Government health IT contractor Apprio creates a new commercial healthcare division to market its RCM services to hospitals and health systems.


Talkspace raises $50 million in a Series D round led by Revolution Growth, bringing its total funding to $107 million. Optum’s behavioral health business has signed on for the company’s online therapy service.


Pillo Health raises $11 million to complete its Series A round. Lead investor Stanley Black & Decker will work with Pillo to launch a direct-to-consumer version of its digital home health companion later this year.

Patient relationship management vendor Welkin Health raises $17.5 million in a Series B round, bringing its total funding to $30 million.


  • UCLA Health (CA) selects Microsoft’s Azure cloud computing services to speed up data analysis for researchers and precision medicine efforts.
  • The Louisiana Dept. of Health will implement provider credentialing software from Verisys.
  • Allegheny Health Network (PA) selects Vynca’s end-of-life care planning technology.



Mount Sinai Health System (NY) names Andrew Kasarskis, PhD (Icahn School of Medicine) as EVP and chief data officer.


Roni Zeiger, MD (Smart Patients) joins Facebook as head of health strategy.

Announcements and Implementations


Woman’s Hospital (LA) goes live on Meditech Expanse.


OHSU Doernbecher Children’s Hospital (OR) offers parents Locus Health’s app-based remote monitoring software for use post-discharge.


PerfectServe announces GA of embedded messaging within Cerner.

Privacy and Security


In Australia, auditors warn Victoria’s public health system officials that weak cybersecurity practices have left facilities vulnerable to attacks. A review of security measures at several hospitals within the state found similar weaknesses, including weak passwords, poor system and network monitoring, inadequate user access controls, and lack of appropriate governance and policy frameworks. Barriers to implementing all 72 of the recommended cybersecurity measures include lack of budget and staff, plus a lack of awareness around third-party vendor security protocols.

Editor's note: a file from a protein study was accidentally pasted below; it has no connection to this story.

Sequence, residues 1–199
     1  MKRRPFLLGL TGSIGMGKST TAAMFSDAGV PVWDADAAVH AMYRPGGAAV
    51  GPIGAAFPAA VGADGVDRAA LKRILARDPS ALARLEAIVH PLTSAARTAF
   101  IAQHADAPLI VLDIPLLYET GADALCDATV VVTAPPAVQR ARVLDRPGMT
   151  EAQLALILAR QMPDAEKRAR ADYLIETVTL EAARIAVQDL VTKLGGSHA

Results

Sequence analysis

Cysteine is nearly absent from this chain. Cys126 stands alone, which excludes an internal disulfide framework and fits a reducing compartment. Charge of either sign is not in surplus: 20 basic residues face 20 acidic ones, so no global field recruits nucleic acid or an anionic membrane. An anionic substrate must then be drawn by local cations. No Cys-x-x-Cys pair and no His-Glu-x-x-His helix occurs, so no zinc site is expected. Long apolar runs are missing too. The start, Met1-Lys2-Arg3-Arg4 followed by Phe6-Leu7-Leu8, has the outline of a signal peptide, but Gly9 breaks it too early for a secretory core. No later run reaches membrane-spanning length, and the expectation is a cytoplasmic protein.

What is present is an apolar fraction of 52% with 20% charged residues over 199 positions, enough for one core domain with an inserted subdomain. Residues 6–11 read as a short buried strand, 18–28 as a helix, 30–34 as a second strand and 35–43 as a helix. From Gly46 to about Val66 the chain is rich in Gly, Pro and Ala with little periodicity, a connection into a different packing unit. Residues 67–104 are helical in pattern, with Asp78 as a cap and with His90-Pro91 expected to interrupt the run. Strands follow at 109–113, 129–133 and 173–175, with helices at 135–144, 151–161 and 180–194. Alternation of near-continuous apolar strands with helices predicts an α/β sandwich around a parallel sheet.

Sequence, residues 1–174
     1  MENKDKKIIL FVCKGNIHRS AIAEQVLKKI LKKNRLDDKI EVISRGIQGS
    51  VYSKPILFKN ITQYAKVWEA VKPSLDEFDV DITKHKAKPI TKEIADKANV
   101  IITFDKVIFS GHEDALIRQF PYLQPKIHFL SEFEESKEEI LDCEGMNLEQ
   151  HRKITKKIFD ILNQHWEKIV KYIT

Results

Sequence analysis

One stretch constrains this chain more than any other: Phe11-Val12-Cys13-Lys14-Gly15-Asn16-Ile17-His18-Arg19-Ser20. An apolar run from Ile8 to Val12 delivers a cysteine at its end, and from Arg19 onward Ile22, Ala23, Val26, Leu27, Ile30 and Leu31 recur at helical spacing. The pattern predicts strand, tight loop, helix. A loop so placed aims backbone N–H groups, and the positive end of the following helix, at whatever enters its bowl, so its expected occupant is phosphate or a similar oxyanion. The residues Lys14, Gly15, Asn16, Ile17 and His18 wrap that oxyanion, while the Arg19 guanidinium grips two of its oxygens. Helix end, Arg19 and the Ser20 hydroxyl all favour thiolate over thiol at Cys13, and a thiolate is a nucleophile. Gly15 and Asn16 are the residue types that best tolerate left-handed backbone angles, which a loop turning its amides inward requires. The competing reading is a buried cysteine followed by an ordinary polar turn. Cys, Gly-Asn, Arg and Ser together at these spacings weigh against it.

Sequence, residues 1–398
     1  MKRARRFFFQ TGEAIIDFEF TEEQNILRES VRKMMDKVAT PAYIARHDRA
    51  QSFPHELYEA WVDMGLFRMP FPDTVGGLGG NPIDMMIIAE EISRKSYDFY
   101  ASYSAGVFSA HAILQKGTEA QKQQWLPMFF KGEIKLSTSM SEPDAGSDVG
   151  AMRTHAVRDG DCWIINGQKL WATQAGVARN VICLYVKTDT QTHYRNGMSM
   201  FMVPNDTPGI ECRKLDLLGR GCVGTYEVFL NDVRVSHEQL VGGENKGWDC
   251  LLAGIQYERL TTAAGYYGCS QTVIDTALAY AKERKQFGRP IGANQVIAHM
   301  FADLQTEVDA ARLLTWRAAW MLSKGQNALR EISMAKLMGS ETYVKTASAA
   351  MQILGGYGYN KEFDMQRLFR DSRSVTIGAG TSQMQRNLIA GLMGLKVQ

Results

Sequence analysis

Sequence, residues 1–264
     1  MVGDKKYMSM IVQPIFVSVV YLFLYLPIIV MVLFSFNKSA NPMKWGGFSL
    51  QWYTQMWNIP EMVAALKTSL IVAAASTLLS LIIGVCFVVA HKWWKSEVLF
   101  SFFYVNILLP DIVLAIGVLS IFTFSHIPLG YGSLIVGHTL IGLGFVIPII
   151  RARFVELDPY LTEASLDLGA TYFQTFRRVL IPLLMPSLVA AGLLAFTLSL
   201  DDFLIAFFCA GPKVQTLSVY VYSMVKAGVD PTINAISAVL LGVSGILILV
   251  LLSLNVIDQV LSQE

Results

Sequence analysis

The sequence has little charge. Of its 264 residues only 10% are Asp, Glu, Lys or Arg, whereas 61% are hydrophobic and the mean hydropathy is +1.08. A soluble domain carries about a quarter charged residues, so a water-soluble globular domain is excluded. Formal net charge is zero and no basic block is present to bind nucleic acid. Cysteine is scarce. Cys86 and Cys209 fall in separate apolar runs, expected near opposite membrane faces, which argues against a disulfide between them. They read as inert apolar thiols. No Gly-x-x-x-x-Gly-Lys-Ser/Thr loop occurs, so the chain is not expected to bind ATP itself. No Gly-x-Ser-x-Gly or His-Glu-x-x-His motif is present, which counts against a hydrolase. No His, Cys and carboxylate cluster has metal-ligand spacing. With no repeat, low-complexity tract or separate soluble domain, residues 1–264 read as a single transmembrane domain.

Allegheny Health Network brings its Epic system back online after an unspecified network issue caused it to go down Wednesday morning. The outage affected all seven of its Western Pennsylvania hospitals.


Indiana-based Medical Informatics Engineering and its subsidiary NoMoreClipboard will pay $900,000 to settle a multistate lawsuit brought against it last year by 16 state attorneys general over a 2015 breach that compromised the data of 4 million patients. Meanwhile, nobody is planning a PHI heist of 4 million clipboards.


Canada’s Sunnybrook Health Sciences Centre will integrate its self-developed SunnyCare clinical workflow solution with CPSI Evident’s Thrive EHR. The organizations will also establish an outcomes innovation center in Toronto.


A New York Times investigation finds that pediatric cardiologists at UNC Children’s Hospital (NC) were so alarmed at high death rates that they questioned — in secretly recorded department meetings obtained by the newspaper — whether they would send their own children there for surgery. From the Times article:

  • The hospital’s death rate was among the worst among the 82 institutions that publicly report it.
  • Cardiologists and hospital executives were all worried about the hospital’s high death rate, but didn’t know what to do about it.
  • Since 2015, the hospital had lost two of its pediatric cardiac intensivists and some experienced nurses, closed its CIC unit, and didn’t have a dedicated cardiac intensive care unit.
  • A transplant surgeon failed to show up to perform a heart transplant when a donor heart became available on a weekend, leading one cardiologist to say, “This is what you signed up for. Who is he to play God with some kid’s life?”
  • UNC said it has since replaced leadership that hospital administrators called “a dysfunctional group.”
  • So many hospitals offer complex pediatric heart surgeries that some hospitals, including UNC, perform few cases and thus have limited resources and experience. Several hospitals have shut down similar programs or merged with others in hopes that higher volumes would drive better outcomes.